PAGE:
The taxpayer gets upgraded existing roads for nothing.

    Competition is introduced on the route and it is not privatisation that lifts quality it is competition.

    • uanime5
      Posted March 20, 2012 at 8:22 pm | Permalink

      The problem with the M6 toll road is that it’s rarely used because people don’t want to pay £1 when there’s a free road available.

  22. matthu
    Posted March 19, 2012 at 2:00 pm | Permalink


    So the government collects all our road taxes. What is the advantage of a private company taking a share of these taxes in order to maintain the roads?

    Apparently because they can leverage this guaranteed income by using its worth to borrow from (our) pension funds to pay for the upkeep of the roads.

    But wouldn’t it be simpler (and cheaper) for the government to do this in the first place?

    No, because someone would see through the scam. You see, no-one is properly funding the pension funds. So if the government were to start borrowing from the pension funds … that would play havoc with its credit rating. You get the idea.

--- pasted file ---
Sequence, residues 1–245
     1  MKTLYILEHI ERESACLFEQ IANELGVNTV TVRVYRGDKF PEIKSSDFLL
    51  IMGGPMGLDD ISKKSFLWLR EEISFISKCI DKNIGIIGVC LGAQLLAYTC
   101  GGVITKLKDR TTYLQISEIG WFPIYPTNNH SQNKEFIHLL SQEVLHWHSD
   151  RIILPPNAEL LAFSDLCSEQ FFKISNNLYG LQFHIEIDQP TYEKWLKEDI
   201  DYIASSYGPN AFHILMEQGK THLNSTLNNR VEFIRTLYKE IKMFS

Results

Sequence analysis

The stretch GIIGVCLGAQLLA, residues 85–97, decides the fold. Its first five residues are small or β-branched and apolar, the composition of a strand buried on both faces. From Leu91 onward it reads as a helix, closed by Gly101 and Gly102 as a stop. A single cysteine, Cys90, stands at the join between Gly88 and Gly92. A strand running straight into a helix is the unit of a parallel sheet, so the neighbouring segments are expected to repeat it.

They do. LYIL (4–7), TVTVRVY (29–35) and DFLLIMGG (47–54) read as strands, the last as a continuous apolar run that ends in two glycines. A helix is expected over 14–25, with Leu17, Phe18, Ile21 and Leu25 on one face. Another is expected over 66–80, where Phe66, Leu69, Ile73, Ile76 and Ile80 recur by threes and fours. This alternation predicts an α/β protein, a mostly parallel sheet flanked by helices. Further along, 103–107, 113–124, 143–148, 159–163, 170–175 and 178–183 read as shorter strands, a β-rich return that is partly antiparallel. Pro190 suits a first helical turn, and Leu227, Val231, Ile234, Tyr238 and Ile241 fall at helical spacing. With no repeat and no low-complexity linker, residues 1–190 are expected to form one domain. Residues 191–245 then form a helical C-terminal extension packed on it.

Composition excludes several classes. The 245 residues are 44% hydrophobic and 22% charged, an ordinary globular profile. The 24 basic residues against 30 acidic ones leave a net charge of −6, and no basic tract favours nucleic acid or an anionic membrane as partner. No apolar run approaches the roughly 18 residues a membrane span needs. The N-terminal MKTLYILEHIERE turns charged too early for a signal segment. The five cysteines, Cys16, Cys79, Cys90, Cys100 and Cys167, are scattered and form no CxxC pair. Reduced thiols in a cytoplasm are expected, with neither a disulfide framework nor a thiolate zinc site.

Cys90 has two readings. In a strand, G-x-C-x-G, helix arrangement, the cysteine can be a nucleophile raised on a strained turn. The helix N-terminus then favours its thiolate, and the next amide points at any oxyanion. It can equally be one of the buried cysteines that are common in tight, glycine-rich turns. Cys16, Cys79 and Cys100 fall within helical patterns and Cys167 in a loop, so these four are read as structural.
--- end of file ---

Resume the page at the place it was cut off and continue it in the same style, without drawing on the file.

So we have four separate entities. The government, the private company maintaining the roads, the pension fund and (of course) us. And we are not all going to do well out of this new scheme, are we?

    So who is going to lose out? Please someone explain to me why this is a good idea.

  23. Adam5x5
    Posted March 19, 2012 at 2:24 pm | Permalink

    Do I have this right?

    Government taxes motorist (VED), i.e. me, govt gives my money to company, company builds road, company charges me to use road I’ve already paid for.

    Sod that.
    I’ll stick to existing routes without tolls. May take longer, burn more fuel and increase congestion on non-toll country/village roads, but it’s the principle.

  24. stred
    Posted March 19, 2012 at 2:48 pm | Permalink